The output 45 of the optical receiver 20 is applied to the peak detector 46 of FIG. 1 which comprises operational amplifiers A2, A3 in combination with diodes CR1 and CR2 and a charging capacitor C2. Capacitor C2 charges to a DC level related to the average DC level of signal 45. The diode CR2 prevents discharge of capacitor Q2 through operational amplifier A2. The feedback loop of resistor R9 from the output of operational amplifier A3 to the input of operational amplifier A2 minimizes drift due to the DC input bias of operational amplifier A3. Diode CR1 compensates for leakage current flow through diode CR2.
The output 48 of the peak detector circuit 46 is applied to the subtracting circuit 50 of FIG. 1 which is shown in FIG. 4 comprising operational amplifier A4 and an offset voltage adjustment circuit including resistor R12 and variable resistor R14. Vcc is the DC bias supply source voltage for the system. The absence of blood in the dialysate solution 26 passing the optical transducer block assembly 22 will produce a threshold light energy signal which is reflected as a background DC signal at the output 48 of the peak detector 46. The system is initially calibrated by nulling out the background DC signal in the substraction circuit 52 using an equivalent offset voltage. This initial calibration is accomplished by adjustment of variable resistor R14 until the output signal 52 is zero.
The output signal 52 is applied to amplifier A5 connected as a non-inverter with an adjustable gain setting provided by variable resistor R15. The amplifier A5 is isolated by an operational amplifier A6 connected in a non-inverting fashion. The operational amplifier A6 represents the buffer 56 in FIG. 1. The output 57 from operational amplifier A6 is applied to the multiplexer 58 at port A1. The multiplexer 58 is a conventional device which is commercially available and represents a single pole multiposition electronic switch whose positions are determined by a logic level at input S1. The port A0 of the multiplexer is connected to a manually adjustable switch SW1 which has a plurality of switch positions a, b, c, representing different sensitivity levels determined by the selected combination of resistors R1, R2, R3 and R4 respectively. The output 59 of the multiplexer 58 is connected to a conventional analog to digital converter such as model No. AD571 manufactured by Analog Device Inc. The analog to digital converter provides an eight bit digital signal 62 corresponding to the analog signal 59. The digitized eight bit data signal 62 is fed to the conventional microprocesser 64.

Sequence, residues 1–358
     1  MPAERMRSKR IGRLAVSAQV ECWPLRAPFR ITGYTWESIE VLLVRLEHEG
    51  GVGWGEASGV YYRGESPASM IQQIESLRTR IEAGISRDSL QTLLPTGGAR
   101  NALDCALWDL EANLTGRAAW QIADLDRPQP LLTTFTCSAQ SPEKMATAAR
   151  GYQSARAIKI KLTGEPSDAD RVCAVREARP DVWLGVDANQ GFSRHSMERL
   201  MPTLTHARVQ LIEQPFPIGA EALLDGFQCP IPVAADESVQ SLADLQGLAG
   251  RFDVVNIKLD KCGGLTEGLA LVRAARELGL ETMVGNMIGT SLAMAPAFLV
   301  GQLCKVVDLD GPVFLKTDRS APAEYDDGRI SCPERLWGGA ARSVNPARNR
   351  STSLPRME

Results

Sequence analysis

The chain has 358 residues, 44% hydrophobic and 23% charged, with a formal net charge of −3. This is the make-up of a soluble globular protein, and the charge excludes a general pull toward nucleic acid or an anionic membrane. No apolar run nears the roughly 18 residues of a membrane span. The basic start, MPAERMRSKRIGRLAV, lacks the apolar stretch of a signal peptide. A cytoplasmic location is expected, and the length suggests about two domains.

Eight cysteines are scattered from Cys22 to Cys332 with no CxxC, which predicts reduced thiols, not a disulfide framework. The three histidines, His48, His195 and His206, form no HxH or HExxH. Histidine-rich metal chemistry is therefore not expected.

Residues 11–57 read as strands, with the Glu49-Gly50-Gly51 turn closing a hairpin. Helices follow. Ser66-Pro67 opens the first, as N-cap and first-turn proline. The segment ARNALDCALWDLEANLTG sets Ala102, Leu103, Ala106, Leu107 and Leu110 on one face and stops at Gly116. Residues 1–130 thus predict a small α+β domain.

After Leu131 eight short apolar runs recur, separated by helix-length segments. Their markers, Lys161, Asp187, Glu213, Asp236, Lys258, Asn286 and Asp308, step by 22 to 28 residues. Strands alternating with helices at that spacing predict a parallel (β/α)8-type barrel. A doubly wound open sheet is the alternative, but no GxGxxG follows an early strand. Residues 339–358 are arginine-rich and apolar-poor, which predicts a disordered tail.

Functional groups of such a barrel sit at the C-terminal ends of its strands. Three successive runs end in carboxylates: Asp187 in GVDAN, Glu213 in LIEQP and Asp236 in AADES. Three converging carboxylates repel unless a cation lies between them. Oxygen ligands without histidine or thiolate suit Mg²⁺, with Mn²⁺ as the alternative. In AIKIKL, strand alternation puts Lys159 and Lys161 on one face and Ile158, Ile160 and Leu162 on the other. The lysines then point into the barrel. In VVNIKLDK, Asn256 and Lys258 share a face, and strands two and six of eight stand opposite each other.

In normal operation the microprocessor tracks the input signal 62 after the dialysis operation is started and at the end of a predetermined time stores into memory the input signal 62 as a reference calibration signal. If blood should leak through the dialyzer member 14 into the dialysate circuit 12 the light reflected by red blood cells passing the optical transducer assembly will cause the DC output signal 48 to change which will provide a corresponding change in the digital data 62 to the microprocessor 64 which in turn determines whether the change in signal output is sufficient to warrant the sounding of an alarm based upon the sensitivity level position selected by the patient.
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|U.S. Classification||250/573, 356/39, 250/574|
|International Classification||G01F1/66, A61M1/16, G01M3/38, A61M1/18, B01D65/10|
|Cooperative Classification||A61M1/1692, G01F1/661, G01M3/38, B01D65/104|
|European Classification||B01D65/10D, A61M1/16L, G01F1/66A, G01M3/38|